Saturday, December 17, 2011

NewsLink, Sydney Airport, Australia

The NewsLink books and convenience store at the Sydney International Airport. Michael Connelly's latest, The Drop, and Isaac Walterson's Steve Jobs were among the prominently placed tomes.

NewsLink Pty Ltd (or LS travel retail Asia Pacific - formerly known as Lagardère Services Asia Pacific) is an Australian company responsible for providing convenience items and travel products in airports and train stations in AustraliaChinaHong KongSingaporeTaiwan, and Fiji. []

© 2011, Abhinav Agarwal. All rights reserved.

Sunday, December 11, 2011

Sydney Opera House, Australia

This is a photo of the Sydney Opera House - also a World Heritage Site, as seen from my hotel room at the Sydney Harbour Marriott at Circular Quay.

The views from the other side of the bay, the Admiralty House, are spectacular, as can be seen from so many  other photos of the building. As seen from the hotel, the photo can only hint at the marvelous beauty of this structure.

And this is the room from where I took the photo of the Opera House. The room's not bad at all, but then, it's like any other good hotel room.

I shot this photo below, again from the hotel room, at about 6AM local time. As you can see, while it was supposed to be summer (middle of November) - because in the southern hemisphere November is summer, but the skies were overcast, there was nary a trace of the sun, and there was a strong hint of rain in the evening. Which is just as well. I did not have any time to even step out of the hotel and do sightseeing, so this suited me just fine. It would have been awful to have been inside an office while the weather outside was warm, sunny, and inviting.

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© 2011, Abhinav Agarwal. All rights reserved.

Cheap by Ellen Ruppel Shell

Cheap: The High Cost of Discount Culture, by Ellen Ruppel Shell

Excellent and inexpensive (not cheap!) except for the isolated broadsides against capitalism and globalization

A very engaging journey through the history of cheap, from shops to malls to outlets to sales to IKEA to shrimps to globalization. Ignore the brief denunciations of capitalism and globalization and this is a five-star book. Thankfully much of the globalization phillipic is isolated at the beginning and end.

This book argues that cheap is different from a bargain. Cheap implies lack of longevity, lack of craftsmanship, and hidden costs that are sometimes not apparent till several years or decades after the purchase. Globalization is an imperative and inevitable but its costs are heavy. The book covers territory that is expected - the beginnings of the discount retail culture, but which requires a journey into the years following American independence to understand the underpinnings of cheap - standardization and industrialization. The insidious strategy behind outlet malls is an eye-opener. The psychology of sales, rebates, and coupons is also discussed by looking at how the mind works and responds to sales (answer: when confronted with sales we don't think much, and the little thinking that we do do is muddled and confused).  When you talk about cheap you have to talk about superstores, food, IKEA, and China. India too gets a mention, but it is China that is today the manufacturing outsourcer to the world. The book does not cover "cheap" in the context of software, else India would have received its share of, err, attention. The industrialization of food has been covered in the definitive classic of our times, "Fast Food Nation", but there is new and relevant information to be found here - shrimp farming in Thailand and the havoc it has wreaked on the economies and the environment in those countries for one. The author also argues that it is the expansion of the global and interconnected labor force that has actually done the American worker more harm than good. By flattening the world, and making outsourcing feasible and economical, the American worker has been shorn of bargaining power.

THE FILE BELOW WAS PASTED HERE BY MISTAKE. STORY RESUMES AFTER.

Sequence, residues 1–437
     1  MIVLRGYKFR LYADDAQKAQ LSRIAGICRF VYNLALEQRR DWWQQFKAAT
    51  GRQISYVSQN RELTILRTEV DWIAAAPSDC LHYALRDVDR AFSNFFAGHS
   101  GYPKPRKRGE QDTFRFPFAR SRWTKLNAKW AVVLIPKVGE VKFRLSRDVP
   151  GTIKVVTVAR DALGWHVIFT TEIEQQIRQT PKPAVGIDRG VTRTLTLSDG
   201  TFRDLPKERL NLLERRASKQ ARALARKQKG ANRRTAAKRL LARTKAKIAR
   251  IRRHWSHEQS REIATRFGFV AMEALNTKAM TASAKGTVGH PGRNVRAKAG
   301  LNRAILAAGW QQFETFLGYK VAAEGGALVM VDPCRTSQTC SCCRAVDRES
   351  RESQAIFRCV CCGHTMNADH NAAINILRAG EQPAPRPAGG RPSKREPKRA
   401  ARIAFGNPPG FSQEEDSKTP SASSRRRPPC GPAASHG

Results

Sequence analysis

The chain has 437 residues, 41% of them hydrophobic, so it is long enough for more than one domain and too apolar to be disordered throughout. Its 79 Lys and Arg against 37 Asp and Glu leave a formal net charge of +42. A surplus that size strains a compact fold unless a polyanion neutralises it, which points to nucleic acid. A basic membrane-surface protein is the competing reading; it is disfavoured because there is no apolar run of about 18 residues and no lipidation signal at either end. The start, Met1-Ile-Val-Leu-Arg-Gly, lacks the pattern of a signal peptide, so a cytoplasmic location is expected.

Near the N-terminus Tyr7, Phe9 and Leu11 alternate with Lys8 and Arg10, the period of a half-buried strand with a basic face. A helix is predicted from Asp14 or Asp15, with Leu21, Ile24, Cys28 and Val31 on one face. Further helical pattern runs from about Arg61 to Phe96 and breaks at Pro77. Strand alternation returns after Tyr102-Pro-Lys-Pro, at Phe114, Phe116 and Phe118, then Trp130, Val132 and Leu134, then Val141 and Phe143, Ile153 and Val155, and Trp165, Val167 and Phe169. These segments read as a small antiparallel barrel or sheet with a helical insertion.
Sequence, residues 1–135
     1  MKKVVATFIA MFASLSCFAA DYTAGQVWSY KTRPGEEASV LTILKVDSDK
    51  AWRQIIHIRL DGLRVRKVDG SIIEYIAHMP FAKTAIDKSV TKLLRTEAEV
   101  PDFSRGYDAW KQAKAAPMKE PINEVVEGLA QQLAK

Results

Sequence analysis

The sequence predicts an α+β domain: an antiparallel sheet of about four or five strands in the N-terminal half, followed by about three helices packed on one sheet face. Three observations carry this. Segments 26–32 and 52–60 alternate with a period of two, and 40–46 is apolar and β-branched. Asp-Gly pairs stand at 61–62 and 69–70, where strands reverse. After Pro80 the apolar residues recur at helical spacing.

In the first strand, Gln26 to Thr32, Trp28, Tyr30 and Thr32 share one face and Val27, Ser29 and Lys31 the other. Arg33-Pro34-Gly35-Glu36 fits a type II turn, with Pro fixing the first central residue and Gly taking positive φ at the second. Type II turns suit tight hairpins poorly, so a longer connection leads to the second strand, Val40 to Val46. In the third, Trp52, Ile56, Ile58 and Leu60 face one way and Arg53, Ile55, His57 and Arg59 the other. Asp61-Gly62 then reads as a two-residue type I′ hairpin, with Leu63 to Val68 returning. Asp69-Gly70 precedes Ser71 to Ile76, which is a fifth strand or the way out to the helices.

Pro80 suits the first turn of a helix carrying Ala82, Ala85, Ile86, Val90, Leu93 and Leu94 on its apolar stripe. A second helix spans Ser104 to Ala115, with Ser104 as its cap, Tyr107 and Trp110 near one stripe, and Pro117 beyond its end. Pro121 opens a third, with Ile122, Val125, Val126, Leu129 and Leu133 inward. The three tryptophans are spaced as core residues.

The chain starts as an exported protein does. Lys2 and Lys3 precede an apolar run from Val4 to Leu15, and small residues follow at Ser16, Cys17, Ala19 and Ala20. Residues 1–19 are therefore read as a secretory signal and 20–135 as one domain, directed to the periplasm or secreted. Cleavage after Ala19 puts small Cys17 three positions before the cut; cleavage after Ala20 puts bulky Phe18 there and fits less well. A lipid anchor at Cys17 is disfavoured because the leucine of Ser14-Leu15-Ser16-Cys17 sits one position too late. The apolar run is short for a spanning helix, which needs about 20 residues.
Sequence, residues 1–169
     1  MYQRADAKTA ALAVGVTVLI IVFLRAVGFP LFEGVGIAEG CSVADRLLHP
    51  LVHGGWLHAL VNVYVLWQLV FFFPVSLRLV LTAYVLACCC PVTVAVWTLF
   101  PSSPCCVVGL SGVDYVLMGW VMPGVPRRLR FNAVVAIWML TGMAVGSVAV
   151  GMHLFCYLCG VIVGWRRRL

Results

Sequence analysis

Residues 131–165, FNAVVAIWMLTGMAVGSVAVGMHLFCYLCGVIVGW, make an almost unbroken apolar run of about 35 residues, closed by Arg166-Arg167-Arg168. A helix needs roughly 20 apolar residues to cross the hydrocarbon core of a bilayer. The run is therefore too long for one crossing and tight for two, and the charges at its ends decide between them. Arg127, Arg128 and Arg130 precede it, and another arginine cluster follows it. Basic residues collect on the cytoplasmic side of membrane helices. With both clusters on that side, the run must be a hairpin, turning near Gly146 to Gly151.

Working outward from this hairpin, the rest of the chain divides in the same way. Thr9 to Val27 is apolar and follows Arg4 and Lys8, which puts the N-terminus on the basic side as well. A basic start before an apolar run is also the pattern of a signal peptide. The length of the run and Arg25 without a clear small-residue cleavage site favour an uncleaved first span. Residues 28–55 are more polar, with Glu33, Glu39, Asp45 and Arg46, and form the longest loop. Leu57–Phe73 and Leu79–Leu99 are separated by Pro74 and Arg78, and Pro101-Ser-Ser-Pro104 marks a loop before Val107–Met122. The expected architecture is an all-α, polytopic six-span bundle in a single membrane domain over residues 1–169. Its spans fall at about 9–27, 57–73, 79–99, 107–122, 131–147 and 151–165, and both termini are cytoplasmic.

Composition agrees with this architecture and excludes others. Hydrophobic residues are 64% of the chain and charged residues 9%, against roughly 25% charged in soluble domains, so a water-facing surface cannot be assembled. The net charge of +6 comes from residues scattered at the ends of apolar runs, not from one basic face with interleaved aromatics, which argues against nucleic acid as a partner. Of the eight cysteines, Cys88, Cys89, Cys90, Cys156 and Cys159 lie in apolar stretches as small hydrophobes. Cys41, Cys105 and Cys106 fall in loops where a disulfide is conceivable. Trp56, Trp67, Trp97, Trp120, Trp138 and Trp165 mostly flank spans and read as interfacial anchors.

Saturday, December 3, 2011

The Brass Verdict by Michael Connelly

The Brass Verdict, by Michael Connelly (Kindle e-book, Flipkart, my user review on
Gripping page-turner
4 stars
Rich guy of dubious innocence, a double-murder, and Michael Haller again in the middle of it. This book is also a page-turner, though, reading it very soon after "The Lincoln Lawyer", the pace and narrative felt familiar. Life for Haller, our competent but flawed lawyer, is trying to pick his practice up, when a lucky break, in the form of a murder of a former colleague of his, lands an entire practice in his hands. With that practice comes the case of Walter Elliot. Elliot is accused of murdering his wife and her lover. Forensic tests confirm gun powder residue on Elliot's hands. But is he really guilty? The murder weapon has not been found. Furthermore, there is the question of a possibly tainted juror, an FBI interest in the case, and a detective, Harry Bosch, who may be using Haller as bait. Bosch and Haller share a tense relationship through the novel, trying to figure out how much to reveal and to what extent to keep their cards close to their chests.
There is, expectedly, ample ink devoted to the courtroom in the form of jury selection, how and when to exercise the right to strike a juror, expert witnesses, and more. The setting is the city of angels, Los Angeles, and the author evidently likes, if not loves, the city enough to bring the reader into the city.

A satisfying read.

Kindle Excerpt:

© 2011, Abhinav Agarwal. All rights reserved.

Barnes and Noble, Redwood City

The Barnes and Noble bookstore in Redwood City, California (store link). As opposed to earlier visits to different Barnes and Noble bookstores, the store this time felt a bit sparse, and a little less lively. Maybe it is a sign of the times, what with traditional booksellers fighting an increasingly losing battle first against online vendors, and now against e-books themselves.

Their non-fiction bestsellers rack had a lot of familiar titles, including the latest by Michael Lewis, "Boomerang: Travels in the New Third World", "That Used to Be Us: How America Fell Behind in the World It Invented and How We Can Come Back" by Thomas Friedman, "Killing Lincoln: The Shocking Assassination that Changed America Forever" by Bill O'Reilly.